The plane landed and I hurriedly walked to meet my ride. After having been gone for a five day business trip, I was eager to meet my family at my son’s flag football game. After we shared hugs and heard about the kids’ week, my husband informed me that he had moved everything out of our office to install some carpet. “Oh!” I said, trying to manage my surprise. He went on to say, “I labeled anything that I moved and organized it in bags and laundry baskets so you can find it.” Unsure what to say next, I replied, “Wow, that was a lot of work!” Inside, I was a mess of emotions ranging from, “Oh my, I wasn’t ready yet!” to, “I can’t believe he moved all my paperwork! How will I find…” to, “He was just trying to finish a project we had been planning,” to, “Don’t blow up. He put a lot of work into this. Show him respect. Calm down. It had to be done at some point.” Read More
“Traveling – it leaves you speechless, then turns you into a storyteller.” – Ibn Battuta
Visiting new places, trying unfamiliar food, indulging in unique cultures, and seeing exotic sites are great ways to experience life to its fullest. However, traveling without your partner can be tough. When you travel for business, it can be hard to focus on work when you know your partner is not physically with you.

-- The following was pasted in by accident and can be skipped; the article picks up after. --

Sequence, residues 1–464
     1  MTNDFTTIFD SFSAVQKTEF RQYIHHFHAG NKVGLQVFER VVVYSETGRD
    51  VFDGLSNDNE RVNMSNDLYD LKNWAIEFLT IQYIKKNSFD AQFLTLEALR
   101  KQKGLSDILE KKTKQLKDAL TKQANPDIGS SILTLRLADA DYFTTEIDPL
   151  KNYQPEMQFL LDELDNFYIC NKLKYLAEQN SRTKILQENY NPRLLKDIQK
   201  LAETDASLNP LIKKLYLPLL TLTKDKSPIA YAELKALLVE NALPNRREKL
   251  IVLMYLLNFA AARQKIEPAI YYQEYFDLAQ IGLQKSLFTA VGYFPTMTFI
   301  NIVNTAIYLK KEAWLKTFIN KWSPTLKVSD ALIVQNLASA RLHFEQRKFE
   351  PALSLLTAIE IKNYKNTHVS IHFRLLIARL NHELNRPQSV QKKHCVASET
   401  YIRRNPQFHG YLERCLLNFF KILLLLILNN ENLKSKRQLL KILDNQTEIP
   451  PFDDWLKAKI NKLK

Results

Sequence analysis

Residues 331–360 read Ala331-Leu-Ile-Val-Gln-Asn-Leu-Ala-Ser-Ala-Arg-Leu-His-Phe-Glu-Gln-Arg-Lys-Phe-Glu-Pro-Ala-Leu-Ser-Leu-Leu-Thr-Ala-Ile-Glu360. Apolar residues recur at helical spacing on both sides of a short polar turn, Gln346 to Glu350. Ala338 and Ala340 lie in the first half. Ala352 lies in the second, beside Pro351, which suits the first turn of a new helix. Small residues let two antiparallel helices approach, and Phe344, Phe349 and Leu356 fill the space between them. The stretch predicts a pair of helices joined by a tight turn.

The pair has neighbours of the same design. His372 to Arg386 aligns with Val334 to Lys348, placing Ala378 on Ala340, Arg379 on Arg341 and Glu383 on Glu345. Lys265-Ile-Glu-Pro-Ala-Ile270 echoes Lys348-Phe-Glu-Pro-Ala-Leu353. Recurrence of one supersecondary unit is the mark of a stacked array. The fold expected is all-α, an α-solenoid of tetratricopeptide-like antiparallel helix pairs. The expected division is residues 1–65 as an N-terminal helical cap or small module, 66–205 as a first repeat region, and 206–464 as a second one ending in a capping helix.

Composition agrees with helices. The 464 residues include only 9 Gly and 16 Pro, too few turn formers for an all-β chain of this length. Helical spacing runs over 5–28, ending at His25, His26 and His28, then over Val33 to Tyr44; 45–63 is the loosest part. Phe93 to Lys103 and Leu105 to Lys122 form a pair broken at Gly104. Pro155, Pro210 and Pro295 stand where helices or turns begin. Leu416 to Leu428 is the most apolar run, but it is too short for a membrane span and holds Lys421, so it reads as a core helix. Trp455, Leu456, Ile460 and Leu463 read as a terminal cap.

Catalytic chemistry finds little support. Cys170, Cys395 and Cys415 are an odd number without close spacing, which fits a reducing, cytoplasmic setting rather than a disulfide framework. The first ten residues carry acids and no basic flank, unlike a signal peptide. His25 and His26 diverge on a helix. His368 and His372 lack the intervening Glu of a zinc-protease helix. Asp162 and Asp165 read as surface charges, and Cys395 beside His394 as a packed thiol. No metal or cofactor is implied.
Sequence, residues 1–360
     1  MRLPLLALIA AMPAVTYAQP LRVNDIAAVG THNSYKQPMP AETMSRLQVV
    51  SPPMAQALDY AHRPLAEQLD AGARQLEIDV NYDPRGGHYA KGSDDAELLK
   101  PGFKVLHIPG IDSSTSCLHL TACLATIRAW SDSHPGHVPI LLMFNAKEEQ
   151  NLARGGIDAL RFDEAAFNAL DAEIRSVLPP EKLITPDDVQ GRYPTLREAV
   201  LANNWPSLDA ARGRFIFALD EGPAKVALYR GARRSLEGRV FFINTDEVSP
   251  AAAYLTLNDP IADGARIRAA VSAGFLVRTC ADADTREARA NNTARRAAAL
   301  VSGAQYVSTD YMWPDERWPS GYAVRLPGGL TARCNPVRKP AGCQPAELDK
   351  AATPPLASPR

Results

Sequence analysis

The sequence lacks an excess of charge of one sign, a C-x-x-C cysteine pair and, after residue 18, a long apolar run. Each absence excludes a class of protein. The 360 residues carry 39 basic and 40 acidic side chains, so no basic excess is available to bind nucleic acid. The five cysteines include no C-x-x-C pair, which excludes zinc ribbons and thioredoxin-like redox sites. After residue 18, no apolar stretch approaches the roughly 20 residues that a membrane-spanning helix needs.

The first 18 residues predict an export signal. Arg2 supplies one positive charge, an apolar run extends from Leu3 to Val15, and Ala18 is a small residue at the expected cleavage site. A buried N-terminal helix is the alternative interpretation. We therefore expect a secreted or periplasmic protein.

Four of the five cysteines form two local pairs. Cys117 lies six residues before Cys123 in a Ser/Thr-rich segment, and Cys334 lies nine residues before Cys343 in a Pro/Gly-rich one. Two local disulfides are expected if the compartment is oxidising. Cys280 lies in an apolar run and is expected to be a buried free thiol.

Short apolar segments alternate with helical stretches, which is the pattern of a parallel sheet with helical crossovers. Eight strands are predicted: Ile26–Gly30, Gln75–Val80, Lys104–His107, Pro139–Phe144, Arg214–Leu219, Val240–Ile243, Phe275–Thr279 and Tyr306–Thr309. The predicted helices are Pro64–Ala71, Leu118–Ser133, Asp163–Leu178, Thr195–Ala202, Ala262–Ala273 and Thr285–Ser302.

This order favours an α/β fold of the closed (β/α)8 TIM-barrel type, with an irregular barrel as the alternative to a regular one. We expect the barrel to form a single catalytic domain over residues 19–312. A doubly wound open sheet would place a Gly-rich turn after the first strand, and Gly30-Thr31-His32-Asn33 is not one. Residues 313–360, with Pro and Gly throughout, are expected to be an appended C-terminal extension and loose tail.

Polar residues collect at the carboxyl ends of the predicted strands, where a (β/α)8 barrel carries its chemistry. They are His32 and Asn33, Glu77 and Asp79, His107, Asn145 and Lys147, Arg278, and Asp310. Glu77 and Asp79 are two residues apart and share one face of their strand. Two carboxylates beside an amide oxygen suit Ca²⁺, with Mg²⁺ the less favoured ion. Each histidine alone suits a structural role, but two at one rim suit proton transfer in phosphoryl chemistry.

As a member of the PREPARE/ENRICH team, I travel a few times a year and it typically doesn’t bother me to be out of town for a few days. Earlier this week, I traveled from Minnesota to California to attend the Exponential West conference. Before I left, I was already feeling anxious about missing my husband. As I was packing my suitcase the night before my flight, I began to prepare for my time away from him more intentionally.
In attempt to help you be more intentional next time you travel without your partner, I’ve created a list of tips, complete with examples, to ease the stress of travel on your relationship.
One of the first things we learn about having a successful relationship is that there needs to be healthy, proactive communication. Though, because we are all human, sometimes there is a lapse in this proactivity. You can’t turn back time to fix a mistake, but what you can do is aid in the healing of the situation at hand. One way to do this is to be accountable for your part of the relationship.